Rx for Enloe CEO

Monday (March 26), Deborah Yancer officially becomes the chief caretaker of Enloe Medical Center. On paper, at least, she is just what the doctor ordered for Chico’s ailing hospital. Her treatment plan had better be aggressive, because her charge is at serious risk of flatlining.

The new CEO inherits a medical center that’s:

• Under investigation for three recent deaths during surgery.

• Forming its second anesthesiologist group since pushing aside Anesthesia Associates of Chico last summer.

• Entering negotiations with the service workers’ union it battled for three years, all the way to a U.S. Court of Appeals.

• Reeling from layoffs—contested by the union—that took effect just a week before Tuesday’s appellate decision.

• Starting a long-planned facility expansion in the midst of a financial pinch.

Those are just the developments over the past nine months; years of ill will resulting from contentious unionization efforts and neighborhood resistance to the hospital’s expansion preceded them. Yancer will need to draw on her nursing background to heal wounds so deep.

We are confident she can, because she’s done so before. In 2000, Shady Grove Adventist Hospital was under investigation, morale was low, and its CEO had stepped down after a vote of no confidence. (Sound familiar?) With Yancer at the helm, the Maryland medical center now is renowned for emergency care and as a Best Place to Work award winner.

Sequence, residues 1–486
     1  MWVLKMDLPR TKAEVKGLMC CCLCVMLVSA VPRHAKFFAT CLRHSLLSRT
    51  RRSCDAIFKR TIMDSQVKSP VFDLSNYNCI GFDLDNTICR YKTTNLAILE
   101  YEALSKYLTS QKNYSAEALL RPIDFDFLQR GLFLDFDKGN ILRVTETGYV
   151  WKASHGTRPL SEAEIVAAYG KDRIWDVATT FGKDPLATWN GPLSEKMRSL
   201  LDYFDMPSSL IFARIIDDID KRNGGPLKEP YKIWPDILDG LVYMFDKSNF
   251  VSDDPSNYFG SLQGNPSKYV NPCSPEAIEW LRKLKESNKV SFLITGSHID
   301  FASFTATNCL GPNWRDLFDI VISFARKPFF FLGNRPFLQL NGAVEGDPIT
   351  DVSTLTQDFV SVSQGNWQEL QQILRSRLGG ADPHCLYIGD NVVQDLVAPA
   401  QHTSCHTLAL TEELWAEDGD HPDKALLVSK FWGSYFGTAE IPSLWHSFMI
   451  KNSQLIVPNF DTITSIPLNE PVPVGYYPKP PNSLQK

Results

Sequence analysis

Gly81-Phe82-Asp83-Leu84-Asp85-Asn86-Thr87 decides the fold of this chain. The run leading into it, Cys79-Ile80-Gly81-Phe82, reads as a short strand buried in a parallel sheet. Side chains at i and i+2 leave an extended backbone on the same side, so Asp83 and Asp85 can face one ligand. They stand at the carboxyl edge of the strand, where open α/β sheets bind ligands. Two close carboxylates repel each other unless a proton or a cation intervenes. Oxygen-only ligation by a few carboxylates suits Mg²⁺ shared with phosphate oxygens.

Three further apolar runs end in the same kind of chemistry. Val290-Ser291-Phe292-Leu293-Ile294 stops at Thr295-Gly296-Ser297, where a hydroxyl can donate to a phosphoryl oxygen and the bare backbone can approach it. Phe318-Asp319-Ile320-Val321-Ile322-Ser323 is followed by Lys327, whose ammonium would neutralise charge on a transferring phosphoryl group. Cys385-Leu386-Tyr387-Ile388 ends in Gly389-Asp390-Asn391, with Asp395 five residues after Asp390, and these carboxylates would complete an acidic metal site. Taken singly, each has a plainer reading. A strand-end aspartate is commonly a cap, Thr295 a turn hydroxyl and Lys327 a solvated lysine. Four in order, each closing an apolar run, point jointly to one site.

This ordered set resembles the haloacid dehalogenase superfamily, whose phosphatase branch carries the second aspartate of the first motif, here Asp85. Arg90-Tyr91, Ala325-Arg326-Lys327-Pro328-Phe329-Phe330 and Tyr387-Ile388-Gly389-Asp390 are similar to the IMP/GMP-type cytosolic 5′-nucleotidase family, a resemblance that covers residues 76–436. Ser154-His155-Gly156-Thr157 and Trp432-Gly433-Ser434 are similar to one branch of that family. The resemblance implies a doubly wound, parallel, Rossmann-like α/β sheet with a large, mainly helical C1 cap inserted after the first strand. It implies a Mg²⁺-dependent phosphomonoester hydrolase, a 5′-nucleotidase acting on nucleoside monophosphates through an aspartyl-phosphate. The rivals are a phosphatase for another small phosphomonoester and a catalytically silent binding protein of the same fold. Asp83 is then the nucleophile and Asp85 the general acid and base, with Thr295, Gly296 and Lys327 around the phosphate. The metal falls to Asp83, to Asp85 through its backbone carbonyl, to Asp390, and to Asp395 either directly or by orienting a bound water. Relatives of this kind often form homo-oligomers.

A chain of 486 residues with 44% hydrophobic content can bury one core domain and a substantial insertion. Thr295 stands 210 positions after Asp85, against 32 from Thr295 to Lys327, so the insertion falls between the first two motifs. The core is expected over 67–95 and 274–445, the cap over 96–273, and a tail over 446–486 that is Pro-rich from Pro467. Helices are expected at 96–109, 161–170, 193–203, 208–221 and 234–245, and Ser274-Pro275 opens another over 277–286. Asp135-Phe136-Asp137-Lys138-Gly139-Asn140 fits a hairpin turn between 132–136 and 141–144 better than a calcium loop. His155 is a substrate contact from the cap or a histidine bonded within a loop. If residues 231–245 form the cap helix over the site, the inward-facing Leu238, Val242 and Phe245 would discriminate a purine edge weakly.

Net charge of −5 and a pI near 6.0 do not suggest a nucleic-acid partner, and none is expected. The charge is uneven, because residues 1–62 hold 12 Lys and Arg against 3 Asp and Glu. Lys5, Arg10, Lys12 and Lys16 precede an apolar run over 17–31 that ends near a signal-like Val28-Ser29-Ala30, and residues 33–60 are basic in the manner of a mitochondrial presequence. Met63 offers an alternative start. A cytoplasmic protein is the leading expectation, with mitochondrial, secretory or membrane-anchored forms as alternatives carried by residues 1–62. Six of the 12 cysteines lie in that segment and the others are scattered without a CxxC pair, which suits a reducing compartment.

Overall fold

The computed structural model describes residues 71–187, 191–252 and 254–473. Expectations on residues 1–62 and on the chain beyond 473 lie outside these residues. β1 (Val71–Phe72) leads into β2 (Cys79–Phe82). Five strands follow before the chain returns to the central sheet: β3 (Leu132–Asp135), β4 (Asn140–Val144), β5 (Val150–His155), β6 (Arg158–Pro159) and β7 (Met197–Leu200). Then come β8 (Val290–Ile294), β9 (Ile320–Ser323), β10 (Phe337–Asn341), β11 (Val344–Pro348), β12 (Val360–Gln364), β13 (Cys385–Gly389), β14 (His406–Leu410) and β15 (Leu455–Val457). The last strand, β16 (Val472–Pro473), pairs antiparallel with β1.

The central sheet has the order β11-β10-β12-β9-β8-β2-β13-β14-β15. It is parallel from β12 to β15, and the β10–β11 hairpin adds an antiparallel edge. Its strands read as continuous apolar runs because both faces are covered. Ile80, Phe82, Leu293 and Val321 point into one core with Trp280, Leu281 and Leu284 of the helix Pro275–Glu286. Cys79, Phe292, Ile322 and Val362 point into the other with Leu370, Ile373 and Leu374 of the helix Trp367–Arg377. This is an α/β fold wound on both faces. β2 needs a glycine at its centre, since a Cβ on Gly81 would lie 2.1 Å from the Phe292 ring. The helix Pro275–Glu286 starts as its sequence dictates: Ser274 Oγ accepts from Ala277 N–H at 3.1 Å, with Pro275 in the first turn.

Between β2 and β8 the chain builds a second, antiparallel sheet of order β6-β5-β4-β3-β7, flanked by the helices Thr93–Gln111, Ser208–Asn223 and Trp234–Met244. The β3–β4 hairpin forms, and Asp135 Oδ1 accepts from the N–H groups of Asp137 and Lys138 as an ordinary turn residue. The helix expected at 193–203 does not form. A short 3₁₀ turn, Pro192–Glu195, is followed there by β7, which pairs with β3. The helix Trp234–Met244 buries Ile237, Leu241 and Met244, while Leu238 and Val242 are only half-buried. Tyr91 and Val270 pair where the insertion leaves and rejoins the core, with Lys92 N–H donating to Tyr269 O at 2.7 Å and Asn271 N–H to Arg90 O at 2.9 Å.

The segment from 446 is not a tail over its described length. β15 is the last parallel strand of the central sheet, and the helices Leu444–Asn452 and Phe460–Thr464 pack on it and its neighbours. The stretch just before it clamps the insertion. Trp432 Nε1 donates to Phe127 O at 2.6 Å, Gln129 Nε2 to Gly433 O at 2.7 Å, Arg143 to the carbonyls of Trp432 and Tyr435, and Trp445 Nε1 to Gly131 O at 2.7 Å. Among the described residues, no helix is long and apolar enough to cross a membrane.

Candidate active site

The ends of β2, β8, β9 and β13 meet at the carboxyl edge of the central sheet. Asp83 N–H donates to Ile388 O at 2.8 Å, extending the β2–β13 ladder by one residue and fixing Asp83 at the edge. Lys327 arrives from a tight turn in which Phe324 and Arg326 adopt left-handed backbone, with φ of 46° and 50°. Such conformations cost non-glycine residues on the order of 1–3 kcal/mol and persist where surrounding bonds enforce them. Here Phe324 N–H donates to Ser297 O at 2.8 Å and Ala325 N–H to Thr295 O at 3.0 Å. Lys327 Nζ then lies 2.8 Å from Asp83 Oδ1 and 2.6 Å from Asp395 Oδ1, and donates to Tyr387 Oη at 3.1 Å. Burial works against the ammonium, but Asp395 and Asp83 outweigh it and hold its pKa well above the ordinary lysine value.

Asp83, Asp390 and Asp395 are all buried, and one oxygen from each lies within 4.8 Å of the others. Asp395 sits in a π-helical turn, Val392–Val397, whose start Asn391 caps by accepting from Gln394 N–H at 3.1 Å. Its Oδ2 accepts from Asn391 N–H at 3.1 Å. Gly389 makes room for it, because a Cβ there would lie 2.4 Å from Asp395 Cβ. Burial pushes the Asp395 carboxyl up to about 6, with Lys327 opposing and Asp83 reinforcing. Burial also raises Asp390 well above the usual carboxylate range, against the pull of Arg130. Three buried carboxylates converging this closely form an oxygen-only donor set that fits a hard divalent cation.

That’s the turnaround Enloe needs.

Yancer’s first directive actually takes effect today (March 22), when the hospital launches a full review of surgery and anesthesiology. How this process proceeds will speak volumes about her leadership. She also has a golden opportunity to restore faith in the administration by dealing openly and fairly with the Service Employees International Union, and by fulfilling her promise of a more inclusive “culture” at Enloe.

In the long run, though, Yancer will succeed only if she influences the people who hired her. Enloe’s board has a habit of approving bad decisions. (See: union-busting consultants and fill-in anesthesiologists.) In hiring Yancer, we believe they have made a good decision, but the only way we’ll know for sure is if they get out of her way and let her do her job.

A community is only as healthy as its hospital. Ms. Yancer, Chico is in your healing hands.